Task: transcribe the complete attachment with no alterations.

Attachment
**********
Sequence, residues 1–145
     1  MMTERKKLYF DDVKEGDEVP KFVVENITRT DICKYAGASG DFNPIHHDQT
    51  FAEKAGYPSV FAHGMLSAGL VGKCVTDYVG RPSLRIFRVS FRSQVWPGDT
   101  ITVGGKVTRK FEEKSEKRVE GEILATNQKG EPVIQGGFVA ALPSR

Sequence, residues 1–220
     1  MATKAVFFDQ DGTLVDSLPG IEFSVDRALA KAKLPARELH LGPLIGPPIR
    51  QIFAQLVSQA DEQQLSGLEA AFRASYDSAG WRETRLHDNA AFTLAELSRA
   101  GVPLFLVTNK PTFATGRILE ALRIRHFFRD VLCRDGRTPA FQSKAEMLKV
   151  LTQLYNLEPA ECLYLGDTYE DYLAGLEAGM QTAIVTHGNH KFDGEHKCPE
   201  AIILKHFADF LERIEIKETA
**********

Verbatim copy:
Sequence, residues 1–145
     1  MMTERKKLYF DDVKEGDEVP KFVVENITRT DICKYAGASG DFNPIHHDQT
    51  FAEKAGYPSV FAHGMLSAGL VGKCVTDYVG RPSLRIFRVS FRSQVWPGDT
   101  ITVGGKVTRK FEEKSEKRVE GEILATNQKG EPVIQGGFVA ALPSR

Sequence, residues 1–220
     1  MATKAVFFDQ DGTLVDSLPG IEFSVDRALA KAKLPARELH LGPLIGPPIR
    51  QIFAQLVSQA DEQQLSGLEA AFRASYDSAG WRETRLHDNA AFTLAELSRA
   101  GVPLFLVTNK PTFATGRILE ALRIRHFFRD VLCRDGRTPA FQSKAEMLKV
   151  LTQLYNLEPA ECLYLGDTYE DYLAGLEAGM QTAIVTHGNH KFDGEHKCPE
   201  AIILKHFADF LERIEIKETA